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So to be clear there are still files you want to recover on the hard drive ?
What is this 'recovery disk' you have ?

I don't really know what triggered the CHKDSK that messed things up, I mentioned the standard answer but who knows, my guess is XP 'thought' it saw something wrong on the hard drive.

For now try the Windows Startup Repair again a couple of times, I've read it sometimes needs to run a few times before it can fix things.

TestDisk might recover a deleted partition and it does have an undelete option for files, we can try that later if the above doesn't work. PhotRec is also an option, it can only recover files though.

You mean a clean install of XP and of 10 ? Yes that's easy enough if you have the install media for both.
 

rdkapp

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Thanks again managed! Sorry for delay in responding, but some storms knocked out my power for most of the day today and I'm just now catching up.
So to be clear there are still files you want to recover on the hard drive ?
Interesting that you asked this, as the short answer is NOW "yes," however, I previously wasn't thinking this, as I had setup Windows 10 on that system to save my data to a separate storage drive (not the XP drive). So, my thinking was all my data was safe on the storage drive. But this is not 100% so, as I discovered after using a trial version of a data recovery program (MiniTool Power Data Recovery). It found quite a few files (MS Office files, pics, and audio files) that I definitely want to recover. I'm thinking TestDisk/PhotoRec or maybe Recuva will handle the recovery.

Anyway, this data recovery program has made it pretty clear to me that CHKDSK did one hell of a job messing up the drive. It found the main partition that is only partially intact, 6 Lost Partitions, and a Lost Files partition(?) (RAW). On top of that, the Windows folder on the drive is basically gone and it's difficult for me to see that any program will be able to put it back together in any sort of working order. I don't mind trying a few more options at your suggestion (note: I'm easily challenged :)), but I'm leaning towards a file recovery and then clean install.
What is this 'recovery disk' you have ?
It is the Ultimate Boot CD for Windows. It's an older version, designed for XP, but most of it still works in Win 10. It saved me several times back when XP was my primary OS. It has quite a few good diagnostic tools on it.
I don't really know what triggered the CHKDSK that messed things up, I mentioned the standard answer but who knows, my guess is XP 'thought' it saw something wrong on the hard drive.
I think you are correct. CHKDSK made many of the files on that drive into RAW files. At least that is what the data recovery program is showing them as. It found over 22,000 RAW files, including all the MS Office files, pics, and audio files.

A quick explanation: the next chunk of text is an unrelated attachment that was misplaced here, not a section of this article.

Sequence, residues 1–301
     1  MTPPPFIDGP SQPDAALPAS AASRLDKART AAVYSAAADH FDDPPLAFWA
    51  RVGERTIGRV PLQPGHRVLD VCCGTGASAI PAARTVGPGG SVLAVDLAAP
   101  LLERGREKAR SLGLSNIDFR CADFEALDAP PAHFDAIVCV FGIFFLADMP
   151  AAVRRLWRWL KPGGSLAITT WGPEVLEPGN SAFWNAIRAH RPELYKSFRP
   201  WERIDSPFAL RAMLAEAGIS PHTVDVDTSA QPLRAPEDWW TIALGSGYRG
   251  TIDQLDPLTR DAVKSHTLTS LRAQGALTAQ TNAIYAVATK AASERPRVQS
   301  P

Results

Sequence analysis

For now try the Windows Startup Repair again a couple of times, I've read it sometimes needs to run a few times before it can fix things.
I will try it a few more times and report back. In the meantime, if you have anything of note in response to this post, I will check periodically during the day, provided we don't have another power outage :(.
TestDisk might recover a deleted partition and it does have an undelete option for files, we can try that later if the above doesn't work. PhotRec is also an option, it can only recover files though.
Or, if you think Recuva would be a better option, I have that too. The only thing is, I'm not sure it will recover the files with their original names, which will create a time consuming exercise after recovery. Please correct me if I am wrong about this.
You mean a clean install of XP and of 10 ? Yes that's easy enough if you have the install media for both.
I do have install media for both, but I'm not sure that I will need to reinstall XP. My inexperienced guess is that the problem(s) with the Win 10 drive is causing the dual boot system to fail to boot into XP, but that's just a guess.
 

rdkapp

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TestDisk tries to restore the partition table which could lead to getting most files back with their correct filenames so I recommend trying that first.

This guide is the best I have found, ignore the French ! Have a look at it and let me know if you want to try it :-

https://us.informatiweb.net/tutorials/it/windows/testdisk-repair-a-raw-partition.html
Yes, I like it. For the inexperienced, it's better than the online documentation posted by the creator and the moderated forum.

I have some questions before I begin:

1. Should I try TestDisk before trying the Windows Startup Repair a few more times?
2. My main concern is not writing to this Win 10 Drive, as I know that is what can further mess up any file recovery. I don't think it does, but can you confirm that TestDisk will not write to the Drive when it is trying to restore the partitions?